As the 2017 chief executive election is about to hit the home stretch, there are three fundamental issues on top of the campaign agendas of the various candidates — political reform, enactment of Article 23 of the Basic Law and housing.
From this week, I am going to discuss these issues one by one in my column. This week, I will begin with political reform.
Let me first provide readers with a brief account of the candidates’ stance on this issue. The two major hopefuls — former chief secretary Carrie Lam and former financial secretary John Tsang — have both stated that they would rather defer reopening political reform and instead focus on other policy issues once elected.
They argue that both Legco and the public have remained highly polarized over this issue and it is unlikely different sectors of society can find common ground on this topic in the short run, so relaunching public consultations on political reform would only reignite controversy.
With regard to Regina Ip, even though reopening political reform is among her nine key election pledges, she hasn’t gone into detail as to how she is going to break the current political deadlock and facilitate consensus-building on this issue.
All she has said is that she would stick to the framework laid down by the “831 Resolution” by the National People’s Congress Standing Committee (NPCSC).
Retired judge Woo Kwok-hing is the only one who has come up with a clear and detailed roadmap toward universal suffrage.
Without touching on the “831 Resolution”, Woo proposed that the number of eligible voters in the Election Committee election be expanded in a step-by-step manner, from the current 250,000 to one million in the 2022 CE election and then three million in 2032, thereby creating our equivalent of the US Electoral College and allowing all eligible voters to cast their votes indirectly for chief executive.
His plan might sound rational and feasible, but unfortunately, the way the number of voters of the Election Committee is expanded under his proposal in fact violates the provisions of the “831 Resolution” that govern the composition of the Election Committee, and therefore is unlikely to be accepted by Beijing.
In my opinion, the major bone of contention with the “831 Resolution” lies in the harsh requirement that a person must get the endorsement of at least 600 instead of the current 150 Election Committee members in order to become an official CE candidate, thereby basically eliminating any possibility of pro-democracy candidates running for CE.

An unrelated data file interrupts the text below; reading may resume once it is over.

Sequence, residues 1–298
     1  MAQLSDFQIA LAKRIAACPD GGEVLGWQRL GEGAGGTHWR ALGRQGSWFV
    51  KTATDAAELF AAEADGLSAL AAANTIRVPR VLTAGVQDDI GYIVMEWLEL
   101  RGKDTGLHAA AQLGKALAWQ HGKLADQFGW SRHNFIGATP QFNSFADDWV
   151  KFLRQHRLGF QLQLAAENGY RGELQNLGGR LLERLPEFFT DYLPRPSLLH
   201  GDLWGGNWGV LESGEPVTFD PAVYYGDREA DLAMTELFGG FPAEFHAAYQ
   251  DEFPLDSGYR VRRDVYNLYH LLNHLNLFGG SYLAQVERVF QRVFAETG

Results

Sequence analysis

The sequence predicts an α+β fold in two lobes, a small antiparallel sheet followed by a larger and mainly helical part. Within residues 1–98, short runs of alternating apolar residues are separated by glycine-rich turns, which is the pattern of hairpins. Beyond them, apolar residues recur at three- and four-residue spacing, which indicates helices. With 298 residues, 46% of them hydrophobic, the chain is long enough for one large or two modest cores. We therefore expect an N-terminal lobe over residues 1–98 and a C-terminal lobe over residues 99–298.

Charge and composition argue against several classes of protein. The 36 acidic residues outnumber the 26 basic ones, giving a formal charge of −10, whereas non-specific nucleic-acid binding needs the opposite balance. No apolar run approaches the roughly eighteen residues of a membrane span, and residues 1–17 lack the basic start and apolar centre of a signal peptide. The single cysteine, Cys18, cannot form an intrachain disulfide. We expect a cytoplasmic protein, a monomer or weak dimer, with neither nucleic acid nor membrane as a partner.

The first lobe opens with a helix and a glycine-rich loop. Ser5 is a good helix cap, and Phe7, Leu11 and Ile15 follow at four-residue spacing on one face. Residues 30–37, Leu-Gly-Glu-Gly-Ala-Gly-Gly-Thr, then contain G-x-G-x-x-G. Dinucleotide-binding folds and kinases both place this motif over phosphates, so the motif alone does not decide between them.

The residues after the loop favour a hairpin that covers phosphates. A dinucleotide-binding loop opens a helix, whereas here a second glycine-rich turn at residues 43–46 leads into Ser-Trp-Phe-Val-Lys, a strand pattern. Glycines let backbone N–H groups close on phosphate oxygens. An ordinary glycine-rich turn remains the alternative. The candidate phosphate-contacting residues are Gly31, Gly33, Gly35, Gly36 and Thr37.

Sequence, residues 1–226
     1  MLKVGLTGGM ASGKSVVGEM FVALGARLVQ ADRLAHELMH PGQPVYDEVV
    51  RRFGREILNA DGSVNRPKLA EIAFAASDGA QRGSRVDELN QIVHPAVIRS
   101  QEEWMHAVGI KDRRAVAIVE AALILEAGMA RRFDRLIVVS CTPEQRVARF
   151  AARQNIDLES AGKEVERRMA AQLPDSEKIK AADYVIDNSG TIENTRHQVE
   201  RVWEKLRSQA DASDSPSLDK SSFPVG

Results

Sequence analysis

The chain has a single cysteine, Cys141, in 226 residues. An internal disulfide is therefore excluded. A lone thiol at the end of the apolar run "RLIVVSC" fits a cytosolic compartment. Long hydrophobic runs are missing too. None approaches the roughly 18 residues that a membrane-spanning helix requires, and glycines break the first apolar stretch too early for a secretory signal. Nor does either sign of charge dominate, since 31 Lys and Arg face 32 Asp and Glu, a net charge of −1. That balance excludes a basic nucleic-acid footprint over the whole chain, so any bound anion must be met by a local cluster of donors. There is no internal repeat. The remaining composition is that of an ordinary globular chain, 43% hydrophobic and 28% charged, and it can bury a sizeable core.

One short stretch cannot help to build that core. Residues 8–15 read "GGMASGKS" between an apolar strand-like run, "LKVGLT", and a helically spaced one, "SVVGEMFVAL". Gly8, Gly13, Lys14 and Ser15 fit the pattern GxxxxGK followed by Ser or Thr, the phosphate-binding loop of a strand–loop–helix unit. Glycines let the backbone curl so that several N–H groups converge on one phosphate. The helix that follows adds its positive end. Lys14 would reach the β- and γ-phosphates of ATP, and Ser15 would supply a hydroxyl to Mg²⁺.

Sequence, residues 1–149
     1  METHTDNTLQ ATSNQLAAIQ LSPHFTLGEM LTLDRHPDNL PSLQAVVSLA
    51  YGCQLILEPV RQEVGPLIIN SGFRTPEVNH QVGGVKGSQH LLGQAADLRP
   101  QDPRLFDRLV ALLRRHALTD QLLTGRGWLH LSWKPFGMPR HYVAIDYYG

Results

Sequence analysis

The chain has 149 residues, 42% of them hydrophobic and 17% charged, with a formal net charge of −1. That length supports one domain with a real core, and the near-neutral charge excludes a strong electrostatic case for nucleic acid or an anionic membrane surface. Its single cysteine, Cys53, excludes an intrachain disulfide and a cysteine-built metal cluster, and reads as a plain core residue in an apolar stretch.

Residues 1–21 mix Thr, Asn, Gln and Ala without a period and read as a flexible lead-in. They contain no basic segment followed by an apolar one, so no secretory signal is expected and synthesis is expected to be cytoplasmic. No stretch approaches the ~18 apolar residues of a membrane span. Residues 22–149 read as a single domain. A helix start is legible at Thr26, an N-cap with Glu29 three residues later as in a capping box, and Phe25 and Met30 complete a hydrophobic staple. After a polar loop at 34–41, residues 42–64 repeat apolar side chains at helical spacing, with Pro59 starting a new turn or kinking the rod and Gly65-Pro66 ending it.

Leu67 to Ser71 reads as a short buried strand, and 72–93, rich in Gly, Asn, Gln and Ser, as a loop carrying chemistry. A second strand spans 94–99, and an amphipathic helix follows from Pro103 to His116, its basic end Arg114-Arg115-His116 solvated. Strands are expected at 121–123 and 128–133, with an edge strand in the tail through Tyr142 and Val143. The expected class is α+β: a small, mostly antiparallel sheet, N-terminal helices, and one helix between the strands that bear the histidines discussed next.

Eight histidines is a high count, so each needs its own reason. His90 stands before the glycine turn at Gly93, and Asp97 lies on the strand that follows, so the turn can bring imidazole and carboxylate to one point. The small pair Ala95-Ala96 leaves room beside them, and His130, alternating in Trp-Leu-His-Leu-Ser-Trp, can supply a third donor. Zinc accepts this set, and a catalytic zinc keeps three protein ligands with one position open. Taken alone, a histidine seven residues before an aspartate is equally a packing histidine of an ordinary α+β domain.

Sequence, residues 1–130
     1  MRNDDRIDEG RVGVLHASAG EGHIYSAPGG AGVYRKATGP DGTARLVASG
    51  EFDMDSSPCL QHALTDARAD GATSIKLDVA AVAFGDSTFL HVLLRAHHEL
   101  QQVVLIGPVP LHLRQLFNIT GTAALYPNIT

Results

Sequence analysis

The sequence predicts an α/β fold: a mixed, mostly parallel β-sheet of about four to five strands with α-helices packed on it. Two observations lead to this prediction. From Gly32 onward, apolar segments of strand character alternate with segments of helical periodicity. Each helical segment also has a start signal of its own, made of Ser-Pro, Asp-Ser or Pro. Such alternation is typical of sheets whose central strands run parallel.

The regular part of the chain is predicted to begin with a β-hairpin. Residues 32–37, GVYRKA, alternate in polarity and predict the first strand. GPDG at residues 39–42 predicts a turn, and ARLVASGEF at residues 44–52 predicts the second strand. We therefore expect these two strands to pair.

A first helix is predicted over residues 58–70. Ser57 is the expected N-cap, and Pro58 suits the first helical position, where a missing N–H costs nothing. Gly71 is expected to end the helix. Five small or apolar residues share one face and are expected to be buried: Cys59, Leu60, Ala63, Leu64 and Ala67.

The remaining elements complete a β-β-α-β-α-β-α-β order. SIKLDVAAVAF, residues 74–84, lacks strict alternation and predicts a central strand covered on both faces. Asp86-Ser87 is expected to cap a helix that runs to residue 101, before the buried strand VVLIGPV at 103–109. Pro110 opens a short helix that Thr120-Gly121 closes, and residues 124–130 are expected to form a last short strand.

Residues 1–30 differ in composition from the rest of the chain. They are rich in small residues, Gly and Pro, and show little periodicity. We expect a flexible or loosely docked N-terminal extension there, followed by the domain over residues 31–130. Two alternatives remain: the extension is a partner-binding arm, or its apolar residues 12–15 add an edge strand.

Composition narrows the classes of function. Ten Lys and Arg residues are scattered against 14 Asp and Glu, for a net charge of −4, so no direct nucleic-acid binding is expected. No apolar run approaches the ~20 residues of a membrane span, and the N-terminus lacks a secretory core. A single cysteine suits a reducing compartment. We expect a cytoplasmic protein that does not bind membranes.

Both Beijing and the pan-democrats have refused to compromise on this sticking point, hence the current political deadlock.
However, despite the fact that the “831 Resolution” has posed a seemingly insurmountable hurdle to our democratization process as far as the CE election is concerned, the NPCSC’s resolution itself hasn’t ruled that our city must take care of universal suffrage over the CE election first before we can start working on the democratization of our Legco elections.
In other words, the “831 Resolution” doesn’t prevent us from shelving the political reform process regarding the CE election for the time being and instead starting to work on the introduction of universal suffrage to our Legco elections first.
If we can’t agree on how to reform our CE election, then why not put it aside for a while and work on the democratization of our Legco elections first?
In fact, reforming our Legco elections first could turn out to be a feasible and viable way to break the current political deadlock and resuscitate our democratization process which has ground to an indefinite halt since the government’s political reform package was vetoed by Legco in June 2015.
Of course, it would be naive to think that either Beijing or the political vested interests would ever agree to abolish the functional constituencies in our legislature once and for all in the next Legco election.
However, if we could find some common ground on this issue and succeed in at least introducing more democratic elements to the 2020 Legco elections, perhaps we could then induce a more politically friendly environment in the days ahead under which we might pave the way for a renewed attempt for consensus-building over the 2022 CE election.
This article appeared in the Hong Kong Economic Journal on Feb. 1
Translation by Alan Lee
[Chinese version 中文版]
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